Panhandle Postcard

This walk at the end of the day was meant to cleanse the palette. But as the sky went from pale purple to deep purple, the roiling Gulf of Mexico disappearing into darkness, we again turned to our phones. First to mine, looking at images of the fallen trees, fallen houses, the map that indicated that power was out in all of New Orleans. Then she showed me her friends’ snaps, the ones who were still in New Orleans, “hunkering down,” in the parlance. “Riding it out.” The snap of water coming into the house, under a door; the snap of the doughy cookies that were in progress when the power went out.

The solidarity of evacuation, even if each car was its own small ecosystem of panic, grief, and merriment

Photograph by Thomas Beller

At the beach condo in Florida, a heron was quacking, or doing whatever a heron does when it makes its quacking noise. If indeed it was a heron. We had taken a walk at dusk to see the ocean, my daughter and me. We peered at the rough waves, the wet white sand, and then we took a seat on a wooden bench.

We had arrived the previous night, just after midnight. For almost the entire twelve-hour drive, we were surrounded by cars with Louisiana plates. A traffic jam across several states, which I didn’t mind at all. I found it comforting. The solidarity of evacuation, even if each car was its own small ecosystem of panic, grief, and merriment. Some were full of people, some were crammed with stuff. For over an hour I was eye to eye with a droll white hound with a black splotch on one eye like a pirate, sitting in the rear of a hatchback, facing me. I will never forget his utter shock and mystification when the rear windshield wiper suddenly came to life, swept back and forth, and again became still.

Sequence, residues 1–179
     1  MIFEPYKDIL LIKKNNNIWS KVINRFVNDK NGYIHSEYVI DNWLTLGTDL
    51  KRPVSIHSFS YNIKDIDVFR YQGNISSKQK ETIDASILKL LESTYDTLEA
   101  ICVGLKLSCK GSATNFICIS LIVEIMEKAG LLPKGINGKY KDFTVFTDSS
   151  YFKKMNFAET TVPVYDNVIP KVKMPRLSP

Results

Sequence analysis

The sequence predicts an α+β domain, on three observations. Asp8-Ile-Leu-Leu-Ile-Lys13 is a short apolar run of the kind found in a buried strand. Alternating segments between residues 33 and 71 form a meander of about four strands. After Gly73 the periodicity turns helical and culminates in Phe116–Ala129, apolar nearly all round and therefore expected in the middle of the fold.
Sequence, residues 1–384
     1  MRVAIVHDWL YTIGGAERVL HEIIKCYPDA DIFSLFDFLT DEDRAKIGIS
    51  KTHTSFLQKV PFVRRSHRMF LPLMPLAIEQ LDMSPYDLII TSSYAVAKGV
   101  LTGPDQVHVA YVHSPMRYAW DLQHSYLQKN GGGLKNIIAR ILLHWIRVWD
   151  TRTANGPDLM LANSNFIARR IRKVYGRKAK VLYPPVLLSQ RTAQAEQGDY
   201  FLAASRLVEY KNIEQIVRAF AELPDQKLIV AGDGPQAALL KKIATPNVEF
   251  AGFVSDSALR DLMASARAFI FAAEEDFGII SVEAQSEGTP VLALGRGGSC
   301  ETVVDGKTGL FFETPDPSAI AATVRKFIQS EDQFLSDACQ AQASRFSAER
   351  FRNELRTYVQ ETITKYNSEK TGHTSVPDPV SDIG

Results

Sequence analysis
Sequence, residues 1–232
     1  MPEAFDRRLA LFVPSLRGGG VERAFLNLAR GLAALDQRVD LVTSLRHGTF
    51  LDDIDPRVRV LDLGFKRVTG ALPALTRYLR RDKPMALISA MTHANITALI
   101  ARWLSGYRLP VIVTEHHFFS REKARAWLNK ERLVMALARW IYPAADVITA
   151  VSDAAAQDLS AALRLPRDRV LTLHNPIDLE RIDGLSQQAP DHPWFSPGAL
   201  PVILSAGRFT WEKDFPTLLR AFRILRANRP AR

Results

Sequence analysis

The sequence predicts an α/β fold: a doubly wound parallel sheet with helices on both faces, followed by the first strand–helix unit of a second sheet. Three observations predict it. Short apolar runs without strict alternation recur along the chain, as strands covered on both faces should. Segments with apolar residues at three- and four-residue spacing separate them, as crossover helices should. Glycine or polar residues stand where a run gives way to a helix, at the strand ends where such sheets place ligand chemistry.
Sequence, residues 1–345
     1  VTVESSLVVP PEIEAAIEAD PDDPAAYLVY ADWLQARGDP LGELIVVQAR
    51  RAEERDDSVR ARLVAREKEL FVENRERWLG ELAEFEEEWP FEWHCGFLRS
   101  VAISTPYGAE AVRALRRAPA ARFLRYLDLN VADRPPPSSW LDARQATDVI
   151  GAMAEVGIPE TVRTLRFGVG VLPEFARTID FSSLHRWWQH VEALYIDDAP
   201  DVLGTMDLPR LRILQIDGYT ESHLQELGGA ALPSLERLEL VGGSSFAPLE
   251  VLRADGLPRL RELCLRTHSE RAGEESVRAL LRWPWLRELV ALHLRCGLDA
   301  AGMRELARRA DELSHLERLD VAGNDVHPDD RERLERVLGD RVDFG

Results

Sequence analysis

Above all, the parade of evacuating vehicles felt austere. “We took what we needed,” each vehicle seemed to say. “Our phones, our loved ones, and ourselves.”

We woke up on Sunday morning and spent the day waiting for the hurricane, obsessed with our phones and the news they brought.

This walk at the end of the day was meant to cleanse the palette. But as the sky went from pale purple to deep purple, the roiling Gulf of Mexico disappearing into darkness, we again turned to our phones. First to mine, looking at images of the fallen trees, fallen houses, the map that indicated that power was out in all of New Orleans. Then she showed me her friends’ snaps, the ones who were still in New Orleans, “hunkering down,” in the parlance. “Riding it out.” The snap of water coming into the house, under a door; the snap of the doughy cookies that were in progress when the power went out.